Diabetic Retinopathy and Other Eye Complications
Patients with Diabetes have a higher risk for blindness, although few diabetic patients actually go blind. Instead, many develop eye disorders related to diabetes known as diabetic retinopathy. These patients are at risk for developing diabetic retinopathy which involves the leakage of blood vessels in the retina. According to the Canadian Diabetes Association, nearly one in four people with type one diabetes develops diabetic retinopathy, and approximately 14 percent of those with type two diabetes suffers from the condition.
People who have suffered from diabetes for a long period of time are the most likely to develop eye disorders, although family history, blood pressure levels, and blood sugar levels also play a contributing role.
The easiest ways to prevent diabetic retinopathy, or to at least ensure the symptoms are mild, is to have annual eye exams, manage blood sugar levels as close to normal as possible, and to also take steps to lower blood pressure to healthy levels.
Treatment for Diabetic Retinopathy
Early diagnosis of diabetic retinopathy is key to managing the symptoms. That is why it is important to continue to visit an optometrist for a routine eye exam every year, regardless of whether blurred or disrupted vision is present. If an eye problem is detected in its earliest stages, progression may be slowed by taking steps to better manage diabetes and blood pressure.
Cataracts and Glaucoma
Although cataracts and glaucoma can affect anyone, the conditions are more common among diabetic individuals. In fact, according to the American Diabetes Association, diabetic individuals are 40 percent more likely to develop glaucoma and 60 percent more likely to develop cataracts than individuals who do not suffer from diabetes.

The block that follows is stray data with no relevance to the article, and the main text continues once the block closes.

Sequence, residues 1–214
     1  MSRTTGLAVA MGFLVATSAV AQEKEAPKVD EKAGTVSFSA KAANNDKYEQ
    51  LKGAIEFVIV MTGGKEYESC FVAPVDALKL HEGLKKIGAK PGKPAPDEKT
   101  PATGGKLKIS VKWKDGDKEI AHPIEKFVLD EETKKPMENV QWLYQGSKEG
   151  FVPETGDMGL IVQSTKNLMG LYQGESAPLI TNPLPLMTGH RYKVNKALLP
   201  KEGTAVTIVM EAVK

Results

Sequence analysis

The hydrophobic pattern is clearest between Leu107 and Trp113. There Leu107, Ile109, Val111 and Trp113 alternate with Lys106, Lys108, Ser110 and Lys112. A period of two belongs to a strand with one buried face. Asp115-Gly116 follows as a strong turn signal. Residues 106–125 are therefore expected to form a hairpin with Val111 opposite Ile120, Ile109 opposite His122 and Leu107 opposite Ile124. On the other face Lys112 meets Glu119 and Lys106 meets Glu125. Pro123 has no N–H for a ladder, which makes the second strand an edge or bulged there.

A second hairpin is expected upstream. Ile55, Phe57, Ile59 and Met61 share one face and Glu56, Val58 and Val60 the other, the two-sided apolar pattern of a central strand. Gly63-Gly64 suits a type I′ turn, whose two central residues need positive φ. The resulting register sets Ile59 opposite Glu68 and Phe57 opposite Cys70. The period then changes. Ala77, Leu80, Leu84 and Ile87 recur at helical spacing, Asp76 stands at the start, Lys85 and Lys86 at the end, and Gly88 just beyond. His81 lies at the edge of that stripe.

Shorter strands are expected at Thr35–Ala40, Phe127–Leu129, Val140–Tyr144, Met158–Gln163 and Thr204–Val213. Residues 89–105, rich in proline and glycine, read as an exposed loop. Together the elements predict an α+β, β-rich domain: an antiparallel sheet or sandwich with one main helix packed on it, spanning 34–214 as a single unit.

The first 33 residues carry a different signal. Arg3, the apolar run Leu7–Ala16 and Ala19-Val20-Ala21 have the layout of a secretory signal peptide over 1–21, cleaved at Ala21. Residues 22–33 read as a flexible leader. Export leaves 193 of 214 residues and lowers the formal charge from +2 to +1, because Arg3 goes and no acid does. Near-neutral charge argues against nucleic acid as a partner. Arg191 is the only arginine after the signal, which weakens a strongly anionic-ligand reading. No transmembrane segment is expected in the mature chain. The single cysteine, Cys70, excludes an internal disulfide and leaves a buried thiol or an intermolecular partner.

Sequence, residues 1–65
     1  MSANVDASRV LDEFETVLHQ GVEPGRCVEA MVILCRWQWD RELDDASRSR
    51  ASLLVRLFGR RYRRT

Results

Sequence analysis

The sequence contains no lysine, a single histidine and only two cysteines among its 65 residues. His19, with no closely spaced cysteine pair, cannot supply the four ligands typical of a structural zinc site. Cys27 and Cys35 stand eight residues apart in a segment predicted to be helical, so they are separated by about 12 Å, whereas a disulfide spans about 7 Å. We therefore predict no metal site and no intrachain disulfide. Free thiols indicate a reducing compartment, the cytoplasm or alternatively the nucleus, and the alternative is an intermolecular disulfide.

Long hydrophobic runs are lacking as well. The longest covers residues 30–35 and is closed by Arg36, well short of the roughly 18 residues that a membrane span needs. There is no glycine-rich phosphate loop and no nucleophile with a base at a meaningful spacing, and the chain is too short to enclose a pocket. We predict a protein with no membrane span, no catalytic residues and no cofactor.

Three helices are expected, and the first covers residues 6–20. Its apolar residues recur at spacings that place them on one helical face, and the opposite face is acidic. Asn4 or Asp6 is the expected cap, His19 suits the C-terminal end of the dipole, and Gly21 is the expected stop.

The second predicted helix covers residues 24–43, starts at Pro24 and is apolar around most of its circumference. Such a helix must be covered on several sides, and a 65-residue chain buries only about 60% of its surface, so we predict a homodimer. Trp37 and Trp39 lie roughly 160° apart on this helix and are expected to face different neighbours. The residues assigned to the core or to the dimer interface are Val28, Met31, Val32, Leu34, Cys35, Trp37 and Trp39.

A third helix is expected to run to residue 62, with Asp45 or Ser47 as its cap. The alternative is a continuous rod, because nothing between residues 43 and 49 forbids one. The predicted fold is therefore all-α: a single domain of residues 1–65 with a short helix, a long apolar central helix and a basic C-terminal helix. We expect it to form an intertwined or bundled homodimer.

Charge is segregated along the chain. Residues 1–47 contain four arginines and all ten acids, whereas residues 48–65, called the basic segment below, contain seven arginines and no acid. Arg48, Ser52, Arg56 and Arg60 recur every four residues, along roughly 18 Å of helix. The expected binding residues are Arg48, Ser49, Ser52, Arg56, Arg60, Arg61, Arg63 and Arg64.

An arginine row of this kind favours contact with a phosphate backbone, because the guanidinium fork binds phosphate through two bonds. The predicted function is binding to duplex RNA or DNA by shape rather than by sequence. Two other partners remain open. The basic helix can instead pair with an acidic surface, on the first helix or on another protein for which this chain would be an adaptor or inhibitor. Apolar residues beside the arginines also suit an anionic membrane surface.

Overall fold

These diseases can progress and slowly cause partial or total vision loss. Treatment for cataracts is limited to surgical intervention only. Advanced glaucoma may also require surgery, but medicated eye drops are used to treat the earliest stages of the disease.
The Importance of Regular Eye Examinations
Regular professional eye examinations are important to overall health, regardless of whether a patient has been diagnosed with diabetes or is experiencing vision problems. Through a comprehensive eye exam, our optometrists are able to detect early diabetes which can prevent irreversible damage. Please contact our optometry office to schedule your annual diabetes exam.
Canadian Diabetes Association: Vision Health
American Diabetes Association: Eye Complications
U.S. Department of Health and Human Resources, National Diabetes Information Clearinghouse: Keep Your Eyes Healthy
The Mayo Clinic: Diabetic Retinopathy